8 relationships every gender-smart investor needs — and how to build them
When it comes to investing, our relationships shape what investment opportunities we’re exposed to, how we are perceived, who influences our thinking, and how we execute. And when it comes to our work in shifting the financial system, our relationships determine our ability to move the people and institutions that need to be moved, how we mobilise collective impact, and our ability to withstand the ups and downs of doing difficult work.
Here are eight kinds of relationships we should all be fostering as gender-smart investors, and some ideas on how to cultivate them.
People who can help you spot and connect with diverse opportunities. Investing is all about relationships, and if you want to diversify your investment pipeline, you need to diversify your network. If you’re mostly investing in male founders, could you join an angel group investing in women entrepreneurs? If your investments are mostly in white women, is there a woman of colour-led accelerator you could connect with? Similarly, you can use your influence and expertise to help others in your network diversify their deal pipelines. When I first started gender lens investing, I deliberately joined a male-led angel network instead of a women’s network with the intentional goal of shifting their mostly-male investment base.
People outside the finance industry who have the expertise you need to achieve your impact goals. Gender experts, women’s rights groups, and people with lived experience of the issues you’re addressing have as much to contribute to your gender lens investing strategy as people with expertise on vehicle structures, business models, and markets — but their knowledge and insights are often undervalued. Consider: who is close to the problem you’re trying to solve, and whose expertise is undervalued? And what can you learn from them?
People who are in a position to shift structures and institutions. As Patience Marime-Ball of the Women of the World Endowment commented at the 2021 GenderSmart Investment Summit, if we have a mission of shifting the financial system, gender-smart investors need to be in every room where decisions get made. This may mean stepping out of your comfort zone, and intentionally spending time in communities where you’re the odd person out. If you’re someone who is already in those rooms, it might mean lending your power to get other voices into them.
Innovators who are test-driving new ideas and developing new products. If you’re a financial institution and you want to come out with the most innovative products in a competitive marketplace, where are you going to find those new ideas? It helps to look to and collaborate with the cutting edge thinkers (or “disruptors,” as per an article I published in 2020) outside your organisation. A great example is SheEO’s partnership with the Bank of Montreal, which has changed the way it supports women business owners based on SheEO’s expertise on what a particular class of entrepreneurs in Canada want and need.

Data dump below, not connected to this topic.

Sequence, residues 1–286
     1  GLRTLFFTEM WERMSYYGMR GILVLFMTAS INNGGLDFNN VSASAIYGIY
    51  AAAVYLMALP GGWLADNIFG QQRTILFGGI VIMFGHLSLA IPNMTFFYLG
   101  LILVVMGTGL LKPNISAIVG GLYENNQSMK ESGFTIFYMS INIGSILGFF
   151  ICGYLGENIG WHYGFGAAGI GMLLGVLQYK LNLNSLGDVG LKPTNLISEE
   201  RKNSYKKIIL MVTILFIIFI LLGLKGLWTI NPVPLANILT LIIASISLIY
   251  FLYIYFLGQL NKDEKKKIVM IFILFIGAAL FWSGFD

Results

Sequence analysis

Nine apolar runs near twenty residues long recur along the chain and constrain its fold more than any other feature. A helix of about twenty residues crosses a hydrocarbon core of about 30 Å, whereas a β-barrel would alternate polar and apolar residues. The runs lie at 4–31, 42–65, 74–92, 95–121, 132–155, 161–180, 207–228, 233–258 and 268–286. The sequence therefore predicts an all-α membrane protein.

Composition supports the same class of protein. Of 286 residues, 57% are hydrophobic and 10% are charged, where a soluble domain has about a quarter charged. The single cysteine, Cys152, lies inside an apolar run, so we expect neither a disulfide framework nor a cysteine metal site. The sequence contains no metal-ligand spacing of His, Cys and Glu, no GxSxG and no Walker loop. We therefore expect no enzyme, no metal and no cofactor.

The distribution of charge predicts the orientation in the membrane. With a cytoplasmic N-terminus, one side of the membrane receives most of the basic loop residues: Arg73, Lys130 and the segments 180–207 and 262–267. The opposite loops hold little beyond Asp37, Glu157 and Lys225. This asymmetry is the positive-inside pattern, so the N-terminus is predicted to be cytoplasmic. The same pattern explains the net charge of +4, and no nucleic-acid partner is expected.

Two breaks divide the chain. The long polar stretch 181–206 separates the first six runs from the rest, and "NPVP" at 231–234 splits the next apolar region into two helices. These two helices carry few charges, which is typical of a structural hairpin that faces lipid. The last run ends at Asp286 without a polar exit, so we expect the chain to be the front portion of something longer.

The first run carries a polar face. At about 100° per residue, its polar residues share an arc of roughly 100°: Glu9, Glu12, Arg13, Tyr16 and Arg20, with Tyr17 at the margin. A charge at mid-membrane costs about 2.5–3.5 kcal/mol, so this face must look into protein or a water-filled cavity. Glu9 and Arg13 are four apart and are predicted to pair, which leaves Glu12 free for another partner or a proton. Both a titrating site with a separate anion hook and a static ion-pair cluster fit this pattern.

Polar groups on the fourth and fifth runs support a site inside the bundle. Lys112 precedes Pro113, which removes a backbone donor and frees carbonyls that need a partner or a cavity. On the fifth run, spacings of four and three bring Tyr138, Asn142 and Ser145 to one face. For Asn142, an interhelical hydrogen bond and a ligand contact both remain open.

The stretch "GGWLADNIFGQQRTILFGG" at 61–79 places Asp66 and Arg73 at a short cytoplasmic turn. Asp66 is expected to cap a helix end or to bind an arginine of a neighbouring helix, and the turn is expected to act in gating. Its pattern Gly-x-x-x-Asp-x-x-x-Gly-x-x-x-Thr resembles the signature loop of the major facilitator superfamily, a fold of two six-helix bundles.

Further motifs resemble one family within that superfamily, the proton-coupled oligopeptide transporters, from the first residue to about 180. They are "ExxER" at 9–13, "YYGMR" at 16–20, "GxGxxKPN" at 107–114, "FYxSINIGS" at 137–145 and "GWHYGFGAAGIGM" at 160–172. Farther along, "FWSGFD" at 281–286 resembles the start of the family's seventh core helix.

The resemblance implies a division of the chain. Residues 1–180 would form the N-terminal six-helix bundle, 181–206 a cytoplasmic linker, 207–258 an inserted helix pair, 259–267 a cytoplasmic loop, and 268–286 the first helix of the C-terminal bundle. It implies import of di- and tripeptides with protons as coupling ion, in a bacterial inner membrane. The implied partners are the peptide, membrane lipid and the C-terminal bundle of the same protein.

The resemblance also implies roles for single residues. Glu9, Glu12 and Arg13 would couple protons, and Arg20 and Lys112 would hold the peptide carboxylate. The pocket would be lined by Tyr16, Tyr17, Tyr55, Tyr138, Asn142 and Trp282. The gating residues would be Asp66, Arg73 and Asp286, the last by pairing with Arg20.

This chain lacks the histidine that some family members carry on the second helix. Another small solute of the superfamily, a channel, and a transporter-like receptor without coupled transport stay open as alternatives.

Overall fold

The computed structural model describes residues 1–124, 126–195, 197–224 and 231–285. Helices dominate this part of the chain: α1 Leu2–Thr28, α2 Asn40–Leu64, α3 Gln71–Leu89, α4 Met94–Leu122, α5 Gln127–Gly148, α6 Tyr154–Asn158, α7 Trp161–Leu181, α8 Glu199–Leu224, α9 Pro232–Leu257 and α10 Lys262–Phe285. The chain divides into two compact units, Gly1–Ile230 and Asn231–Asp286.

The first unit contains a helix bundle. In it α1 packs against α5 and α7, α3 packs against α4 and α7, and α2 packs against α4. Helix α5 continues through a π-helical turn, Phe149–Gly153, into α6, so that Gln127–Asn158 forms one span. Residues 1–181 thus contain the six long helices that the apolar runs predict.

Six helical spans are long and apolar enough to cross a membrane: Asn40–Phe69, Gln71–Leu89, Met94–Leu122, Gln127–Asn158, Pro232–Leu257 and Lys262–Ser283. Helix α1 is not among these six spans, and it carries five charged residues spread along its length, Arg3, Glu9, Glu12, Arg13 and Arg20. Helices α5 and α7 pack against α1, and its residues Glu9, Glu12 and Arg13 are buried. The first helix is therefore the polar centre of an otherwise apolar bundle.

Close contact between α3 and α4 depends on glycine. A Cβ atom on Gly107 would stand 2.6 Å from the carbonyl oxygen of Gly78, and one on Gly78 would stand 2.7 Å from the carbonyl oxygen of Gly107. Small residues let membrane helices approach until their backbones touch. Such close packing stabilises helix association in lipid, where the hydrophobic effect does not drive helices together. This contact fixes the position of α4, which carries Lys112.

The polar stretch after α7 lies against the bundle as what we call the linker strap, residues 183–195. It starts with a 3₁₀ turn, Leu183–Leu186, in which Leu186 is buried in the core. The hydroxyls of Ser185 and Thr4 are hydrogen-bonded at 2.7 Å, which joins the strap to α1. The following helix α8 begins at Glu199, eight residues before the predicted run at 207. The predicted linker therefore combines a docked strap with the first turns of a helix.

Financial intermediaries, both new and established, play the critical role of financial and legal structuring, and capital raising. Their job is to make sure that a solution works for all parties. In order to build financial vehicles that are responsive to the needs of stakeholders who have historically been excluded from these conversations, we need to recognise the important role that these intermediaries play. There is also an opportunity to cultivate and support a new set of women, and in particular women of colour, intermediaries we are starting to see emerge.
A great team of lawyers, accountants, and marketing people to provide the infrastructure your work needs to thrive and get your ideas seen by the world. At their best, these people are not just service providers but true partners in your work. For example, I am so grateful for GenderSmart’s relationship with Hogan Lovells, who are not only our lawyers, but a financial partner and a thought partner in our work on Project Aurora and the JEDI Investing Toolkit.
Trusted critics who are going to tell you the truth about what you’re missing, who you’re missing, and where your potential pitfalls may be. Ideally, they are solution oriented and people you can really be honest with. And they should not only come from your inner circle. There is a lot you can learn from listening to voices you’re not used to hearing from. Also consider, who can you be a trusted critic for?
True friends and community who have your back and help you cultivate resilience when the work is hard, be your honest critic, and be by your side when times are good and when they are tough. See this article I co-wrote last year with my friend Carey Bohjanen, who is exactly that for me.
For more ideas on relationships that could help you in your work, take a look at the Gender Finance Systems Map I co-created with Tara Health Foundation’s Ruth Shaber, Nexial’s Marshall Clemens and Alexandra Kanitz, and Chintal Barot in 2018, which is designed to help you visualise where you sit in the ecosystem, and help you identify the players and institutions you need to influence and collaborate with.
Let me know in the comments what you’re doing to meaningfully cultivate your professional relationships beyond the usual suspects — and what types of relationships you’d like to cultivate more of.